The past several months were a whirlwind. With the school year ending, yard work season beginning, and summer planning in full swing, it seems like everything is in overdrive. 

I finally had a chance to reflect over the past few months of the state legislative session and other events, and I kept coming back to the same thought: Why are we so weak? 

Whether LGBTQ books in the libraries, social emotional learning classes with the counselor, transgender resources plastered along school halls, or fellow students identifying as cats and dogs, our children are facing many indoctrination schemes on a daily basis. I hear about these stories regularly given my role with Moms for Liberty, but these aren’t a secret. 

Thus, I make a point to share these issues with the public, and at times specifically geo-tag stories to the exact school district. School administrators and parents need to know what is happening, yet very little action ever takes place. So I began asking why. Are schools unaware or too weak to engage on the topic? 

It's a similar story with public libraries. The utter filth offered in libraries is repulsive. The lack of regard for protecting children is unconscionable, yet where are the masses showing up to fight? 

We’ve been speaking to local mayors and city councilmen/women for months to no avail. When we suggest they “pressure the library to improve their policies,” they simply shrug and say they have no leverage. When we suggest they withhold local funding, they imply they do not have the authority to do so. 

If sitting members of city councils do not realize they are approving the city’s annual budget, which funds the library, they are not competent enough to serve the community. So are they incompetent or are they weak? 

I had high hopes for the legislative session, thinking our “supermajority” would be successful in pushing conservative bills that would fix the issues in our public schools and libraries. We had bills prohibiting discussions on gender identity and sexual orientation in K-12 public schools, bills prohibiting state agencies from purchasing materials containing sexual concepts, bills banning children from drag shows, bills defining a woman, and bills seeking to clean up sex ed in our schools. None passed.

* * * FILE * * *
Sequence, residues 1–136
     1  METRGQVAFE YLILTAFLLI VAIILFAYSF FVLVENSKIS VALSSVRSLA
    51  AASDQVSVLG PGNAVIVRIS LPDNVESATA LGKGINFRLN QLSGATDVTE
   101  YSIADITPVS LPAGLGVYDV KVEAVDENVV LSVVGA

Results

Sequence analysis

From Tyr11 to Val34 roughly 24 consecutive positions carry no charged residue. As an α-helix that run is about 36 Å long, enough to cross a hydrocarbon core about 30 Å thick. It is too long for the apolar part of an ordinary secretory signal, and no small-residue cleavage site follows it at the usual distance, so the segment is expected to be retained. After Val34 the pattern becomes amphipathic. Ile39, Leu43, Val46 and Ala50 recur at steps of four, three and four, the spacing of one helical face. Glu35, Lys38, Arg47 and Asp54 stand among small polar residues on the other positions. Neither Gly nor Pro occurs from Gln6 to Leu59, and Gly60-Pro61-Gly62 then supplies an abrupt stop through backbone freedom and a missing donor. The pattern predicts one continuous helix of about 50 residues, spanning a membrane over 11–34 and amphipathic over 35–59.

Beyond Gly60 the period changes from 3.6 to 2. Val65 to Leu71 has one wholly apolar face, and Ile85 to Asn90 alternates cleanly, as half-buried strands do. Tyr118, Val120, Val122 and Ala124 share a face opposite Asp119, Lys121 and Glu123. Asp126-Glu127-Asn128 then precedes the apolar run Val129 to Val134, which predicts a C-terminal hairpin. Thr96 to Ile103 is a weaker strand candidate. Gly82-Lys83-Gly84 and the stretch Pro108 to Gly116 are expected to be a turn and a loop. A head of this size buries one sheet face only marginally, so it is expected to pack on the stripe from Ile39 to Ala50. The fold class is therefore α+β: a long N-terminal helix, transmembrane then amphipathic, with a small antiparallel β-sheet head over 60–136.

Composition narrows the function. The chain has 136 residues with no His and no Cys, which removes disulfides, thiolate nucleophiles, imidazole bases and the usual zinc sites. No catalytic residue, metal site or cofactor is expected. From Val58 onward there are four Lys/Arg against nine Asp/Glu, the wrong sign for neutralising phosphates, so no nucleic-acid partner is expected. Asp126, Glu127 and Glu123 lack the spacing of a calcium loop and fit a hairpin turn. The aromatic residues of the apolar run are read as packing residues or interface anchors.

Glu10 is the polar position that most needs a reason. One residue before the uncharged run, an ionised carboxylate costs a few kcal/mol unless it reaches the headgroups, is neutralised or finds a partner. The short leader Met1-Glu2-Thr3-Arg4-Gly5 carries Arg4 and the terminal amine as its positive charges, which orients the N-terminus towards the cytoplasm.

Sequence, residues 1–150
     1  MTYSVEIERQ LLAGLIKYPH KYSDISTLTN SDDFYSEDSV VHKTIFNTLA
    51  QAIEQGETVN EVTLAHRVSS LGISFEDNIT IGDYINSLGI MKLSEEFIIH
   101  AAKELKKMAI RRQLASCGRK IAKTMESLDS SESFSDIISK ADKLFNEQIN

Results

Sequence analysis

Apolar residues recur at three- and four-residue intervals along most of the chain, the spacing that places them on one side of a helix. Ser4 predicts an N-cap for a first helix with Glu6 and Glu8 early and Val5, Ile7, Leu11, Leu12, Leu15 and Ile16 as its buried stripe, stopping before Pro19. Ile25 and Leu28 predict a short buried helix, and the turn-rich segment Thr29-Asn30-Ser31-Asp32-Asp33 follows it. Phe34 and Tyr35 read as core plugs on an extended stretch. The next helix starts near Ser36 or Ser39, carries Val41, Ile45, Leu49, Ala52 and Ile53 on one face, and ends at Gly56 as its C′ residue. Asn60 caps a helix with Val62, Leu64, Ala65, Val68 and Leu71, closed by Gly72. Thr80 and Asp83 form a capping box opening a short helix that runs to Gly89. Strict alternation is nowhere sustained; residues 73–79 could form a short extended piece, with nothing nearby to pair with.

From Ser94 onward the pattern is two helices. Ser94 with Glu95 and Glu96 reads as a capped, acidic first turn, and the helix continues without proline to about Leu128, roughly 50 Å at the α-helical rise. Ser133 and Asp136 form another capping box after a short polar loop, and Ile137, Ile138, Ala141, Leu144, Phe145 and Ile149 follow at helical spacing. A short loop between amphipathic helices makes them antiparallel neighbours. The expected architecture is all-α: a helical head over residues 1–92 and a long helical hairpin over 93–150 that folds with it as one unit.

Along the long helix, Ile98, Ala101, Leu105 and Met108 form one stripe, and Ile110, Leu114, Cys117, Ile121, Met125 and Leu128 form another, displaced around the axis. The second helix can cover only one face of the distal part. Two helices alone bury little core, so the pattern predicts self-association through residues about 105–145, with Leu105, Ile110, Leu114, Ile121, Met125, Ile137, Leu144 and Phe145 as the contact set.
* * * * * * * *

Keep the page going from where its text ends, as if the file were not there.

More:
In a state as “ruby red” as Alabama, why couldn’t these get pushed through? Was it because of time constraints … or weakness in taking a bold stance? 

Then there are the churches, the place and the people that should speak truth louder than anyone, yet there is silence. Last summer when the library attempted to cancel my event with Brave Books and Kirk Cameron, the church stayed silent – MY church stayed silent. When I approached almost 10 different churches earlier this year to participate in a church tour series with Kirk Cameron, they again remained silent. As our children are indoctrinated in public schools – silence. As children are exposed to pornographic material in libraries – silence. There is no question on the silence of the church. The church is weak! 

I have developed a new appreciation for Dietrich Bonhoeffer and the battles he fought in 1930s Nazi Germany. Those battles were much more significant than anything we face at this time, but the challenge remains the same. I am reminded daily, of his famous quote: “Silence in the face of evil is itself evil: God will not hold us guiltless. Not to speak is to speak. Not to act is to act.” 

The weakness I see throughout our communities terrifies me. If the battles we are facing today aren’t enough to help people find their strength and overcome their weaknesses, where does that leave our children? What kind of society does that leave for them? 

To the few who are speaking out publicly, thank you. 

To the many who are not, I implore you to find strength in your voice and use it. Our society needs your voices, and our children deserve them now more than ever. Your actions will have huge generational impact if you simply show your children how to stand and fight for your God-given rights and liberties.  

Emily Jones is a native of North Alabama who now resides in Madison County. She started the first Moms for Liberty chapter in the state, seeking to fight for the preservation of parental rights and the protection of our children, including her own son, a student in the Madison City School District.

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